White House Nominates Nation's 1st African American Military Service Chief

Gen. CQ Brown, Jr. attends a briefing by Air Commodore Rob Chipman.
Gen. CQ Brown, Jr. attends a briefing by Air Commodore Rob Chipman at Royal Australian Air Force (RAAF) Base, Williamtown, Ausltralia, Aug. 9, 2018. (U.S. Air Force/Staff Sgt. Hailey Haux)

The White House has nominated Gen. Charles "CQ" Brown to be the next top general to lead the U.S. Air Force. The nomination, announced by the Defense Department Monday afternoon, would make him the first African American officer to serve as the top uniformed officer for any of the military branches.

The Wall Street Journal first reported Monday that Brown, currently the head of Pacific Air Forces, would be tapped for 22nd Air Force chief of staff, following Gen. David Goldfein, who is set to retire this summer after four years in the position. Brown would also be the first black officer to sit on the Joint Chiefs of Staff since then-Army Gen. Colin Powell served as chairman between 1989 and 1993.

"The [Air Force] will be well served by the formidable talents of CQ Brown," Air Force Secretary Barbara Barrett said in a tweet following the announcement. "He has unmatched strategic vision and operational expertise. His leadership will be instrumental as the service continues to focus on the capabilities and talent we need to implement the [National Defense Strategy]."

Before his post at PACAF, Brown was the deputy commander of U.S. Central Command at MacDill Air Force Base, Florida. He also served as the head of Air Forces Central Command (AFCENT) between 2015 and 2016, during the height of the air campaign against Islamic State fighters in Iraq and Syria.

The highly decorated commander, an F-16 Fighting Falcon pilot by training, commissioned in 1984 and has accumulated more than 2,900 flight hours, including 130 combat hours in various aircraft.

With posts that have taken him across Europe, the Pacific and the Middle East, Brown has also "commanded a fighter squadron, the U.S. Air Force Weapons School, and two fighter wings" throughout his career, his bio states.

Despite publicly stated efforts across the military services to attract and retain minority troops, the most senior ranks remain largely homogenous. A 2015 report from USA Today found that, of 280 Air Force generals at the time, just 18 belonged to minority groups, and just 13 -- or 4% of the total -- were African American.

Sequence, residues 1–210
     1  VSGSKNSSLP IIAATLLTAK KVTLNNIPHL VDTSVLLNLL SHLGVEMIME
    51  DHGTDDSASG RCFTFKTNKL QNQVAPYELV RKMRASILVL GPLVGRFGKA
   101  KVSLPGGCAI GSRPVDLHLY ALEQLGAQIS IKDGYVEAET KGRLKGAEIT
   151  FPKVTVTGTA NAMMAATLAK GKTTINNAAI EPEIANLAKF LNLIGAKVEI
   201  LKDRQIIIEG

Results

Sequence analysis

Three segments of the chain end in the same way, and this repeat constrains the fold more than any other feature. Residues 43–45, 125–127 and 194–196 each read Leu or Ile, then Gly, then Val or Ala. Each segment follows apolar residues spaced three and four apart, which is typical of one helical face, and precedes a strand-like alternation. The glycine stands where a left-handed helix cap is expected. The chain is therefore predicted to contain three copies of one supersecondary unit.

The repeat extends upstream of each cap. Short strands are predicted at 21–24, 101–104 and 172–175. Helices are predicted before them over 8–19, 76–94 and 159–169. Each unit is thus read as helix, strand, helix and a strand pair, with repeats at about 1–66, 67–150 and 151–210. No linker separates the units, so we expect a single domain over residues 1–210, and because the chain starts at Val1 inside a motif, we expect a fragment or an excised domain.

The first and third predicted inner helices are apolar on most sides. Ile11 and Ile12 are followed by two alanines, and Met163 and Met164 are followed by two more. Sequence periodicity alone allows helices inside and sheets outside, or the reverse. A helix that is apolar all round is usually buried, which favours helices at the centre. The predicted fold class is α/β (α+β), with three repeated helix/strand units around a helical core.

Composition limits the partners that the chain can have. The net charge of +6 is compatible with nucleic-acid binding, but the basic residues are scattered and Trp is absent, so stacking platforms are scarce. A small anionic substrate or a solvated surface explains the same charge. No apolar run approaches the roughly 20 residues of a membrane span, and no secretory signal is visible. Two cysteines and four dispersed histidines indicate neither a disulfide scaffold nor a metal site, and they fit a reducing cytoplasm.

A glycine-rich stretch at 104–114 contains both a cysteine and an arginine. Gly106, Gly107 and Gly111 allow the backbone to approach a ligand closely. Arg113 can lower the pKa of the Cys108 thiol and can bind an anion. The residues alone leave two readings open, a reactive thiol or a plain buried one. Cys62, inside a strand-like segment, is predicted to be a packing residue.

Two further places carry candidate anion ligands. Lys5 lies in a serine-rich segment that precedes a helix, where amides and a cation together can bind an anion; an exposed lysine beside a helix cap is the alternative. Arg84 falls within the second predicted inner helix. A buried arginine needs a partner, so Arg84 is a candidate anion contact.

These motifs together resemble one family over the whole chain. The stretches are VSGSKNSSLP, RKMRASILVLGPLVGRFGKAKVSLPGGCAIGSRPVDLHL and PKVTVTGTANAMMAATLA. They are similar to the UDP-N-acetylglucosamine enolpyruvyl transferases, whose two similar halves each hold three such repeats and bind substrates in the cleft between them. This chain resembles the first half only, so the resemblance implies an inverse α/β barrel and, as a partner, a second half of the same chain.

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Between 2014 and 2015, Brown was the director of operations, strategic deterrence and nuclear integration at U.S. Air Forces in Europe. During that time, the general told Air Force Times he had been focused on watching Russia's activities unfold in Crimea and eastern Ukraine, but quickly had to switch gears during his tour to focus on deterring ISIS forces from making gains in Iraq and Syria.

"When you ask me what my biggest accomplishment was during this time of my [AFCENT] command, [strategic] targeting. That was it," Brown told this reporter during an interview in 2016.

Brown's goal at the command was to streamline processes between the Air Force, coalition air components and the intelligence community to create better dynamic and deliberate targeting operations for battlefield success.

"In the last 15 years or so, we've done a lot of close-air support for troops in contact and overwatch, and the deliberate targeting process -- we lost a little muscle memory from what we had in the past," he said, referencing operations in Afghanistan. "So I think this is something that's going to help us in the [Central Command area of operations] and in other contingencies later on that we as a nation or we as the coalition team may face in the future."

Like his PACAF predecessor, Air Force Gen. Terrence O'Shaughnessy, Brown has worked to improve collaboration with partner forces, with an emphasis on integrating fifth-generation combat capabilities, such as those within the F-35A Joint Strike Fighter, into theater.

"Our allies and partners are on the front lines of fifth-generation integration in the Indo-Pacific," Brown said in 2018, referencing how the U.S., Australia, Japan and South Korea will all operate the F-35 in coming years.

-- Oriana Pawlyk can be reached at oriana.pawlyk@military.com. Follow her at @oriana0214.

Read more: History-Making Air Force General Isn't About 'Firsts'

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